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He laid aside likewise his usual exercises of riding and arms; and quitting the Roman habit, made use of the Pallium and Crepida.1 In this condition he continued almost two years, becoming daily an object of increasing contempt and odium; insomuch that the people of Nismes pulled down all the images and statues of him in their town; and upon mention being made of him at table, one of the company said to Caius, "I will sail over to Rhodes immediately, if you desire me, and bring you the head of the exile;" for that was the appellation now given him. Thus alarmed not only by apprehensions, but real danger, he renewed his solicitations for leave to return; and, seconded by the most urgent supplications of his mother, he at last obtained his request; to which an accident somewhat contributed. Augustus had resolved to determine nothing in the affair, but with the consent of his eldest son. The latter was at that time out of humour with Marcus Lollius, and -therefore easily disposed to be favourable to his father-in-law. Caius thus acquiescing, he was recalled, but upon condition that he should take no concern whatever in the administration of affairs.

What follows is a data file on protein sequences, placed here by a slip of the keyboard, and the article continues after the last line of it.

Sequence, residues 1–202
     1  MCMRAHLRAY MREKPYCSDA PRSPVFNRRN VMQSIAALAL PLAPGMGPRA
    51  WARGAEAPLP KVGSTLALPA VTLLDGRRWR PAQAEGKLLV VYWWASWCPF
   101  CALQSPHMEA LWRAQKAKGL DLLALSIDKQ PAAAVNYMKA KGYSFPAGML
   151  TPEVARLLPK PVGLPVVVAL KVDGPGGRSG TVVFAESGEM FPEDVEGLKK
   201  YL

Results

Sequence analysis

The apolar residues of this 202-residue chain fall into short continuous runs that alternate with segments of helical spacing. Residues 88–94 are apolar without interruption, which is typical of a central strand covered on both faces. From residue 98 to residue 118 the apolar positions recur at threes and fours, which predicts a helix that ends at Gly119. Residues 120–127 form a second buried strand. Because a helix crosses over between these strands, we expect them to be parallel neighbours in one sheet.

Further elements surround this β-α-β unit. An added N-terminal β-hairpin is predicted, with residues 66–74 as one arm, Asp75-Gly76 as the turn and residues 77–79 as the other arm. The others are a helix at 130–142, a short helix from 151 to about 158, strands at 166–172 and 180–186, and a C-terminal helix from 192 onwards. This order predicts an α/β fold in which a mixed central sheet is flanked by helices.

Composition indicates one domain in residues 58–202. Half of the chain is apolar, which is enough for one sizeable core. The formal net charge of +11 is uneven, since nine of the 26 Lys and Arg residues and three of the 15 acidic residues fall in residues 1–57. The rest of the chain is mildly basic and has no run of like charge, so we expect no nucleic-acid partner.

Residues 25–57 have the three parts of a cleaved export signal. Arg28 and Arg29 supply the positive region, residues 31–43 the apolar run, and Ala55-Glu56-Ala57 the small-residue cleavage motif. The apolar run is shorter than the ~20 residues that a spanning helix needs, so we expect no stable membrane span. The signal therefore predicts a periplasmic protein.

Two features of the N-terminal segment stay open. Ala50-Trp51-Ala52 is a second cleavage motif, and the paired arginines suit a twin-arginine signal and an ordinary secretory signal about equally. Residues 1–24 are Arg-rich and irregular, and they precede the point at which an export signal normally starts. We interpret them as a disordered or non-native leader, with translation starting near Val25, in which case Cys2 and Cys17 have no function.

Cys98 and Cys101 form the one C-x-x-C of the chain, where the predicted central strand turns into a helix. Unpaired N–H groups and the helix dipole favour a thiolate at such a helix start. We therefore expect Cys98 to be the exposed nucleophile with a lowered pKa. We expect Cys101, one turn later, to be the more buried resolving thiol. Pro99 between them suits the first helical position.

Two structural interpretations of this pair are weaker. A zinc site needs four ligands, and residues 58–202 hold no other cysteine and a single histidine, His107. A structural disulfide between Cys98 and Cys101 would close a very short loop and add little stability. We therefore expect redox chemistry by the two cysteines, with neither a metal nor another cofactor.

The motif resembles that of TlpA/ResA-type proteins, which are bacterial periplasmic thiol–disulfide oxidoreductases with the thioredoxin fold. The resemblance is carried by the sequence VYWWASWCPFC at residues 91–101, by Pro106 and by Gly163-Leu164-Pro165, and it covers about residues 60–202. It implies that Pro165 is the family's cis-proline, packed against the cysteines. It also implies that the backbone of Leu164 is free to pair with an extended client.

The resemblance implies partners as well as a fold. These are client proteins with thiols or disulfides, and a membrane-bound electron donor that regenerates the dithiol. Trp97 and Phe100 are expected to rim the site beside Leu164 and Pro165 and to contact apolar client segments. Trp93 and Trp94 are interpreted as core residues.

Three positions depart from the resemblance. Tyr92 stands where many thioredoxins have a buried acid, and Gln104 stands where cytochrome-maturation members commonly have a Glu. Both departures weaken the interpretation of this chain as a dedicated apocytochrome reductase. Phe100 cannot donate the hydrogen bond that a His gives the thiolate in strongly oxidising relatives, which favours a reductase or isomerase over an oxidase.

1 The cloak and slippers, as distinguished from the Roman toga and shoes.
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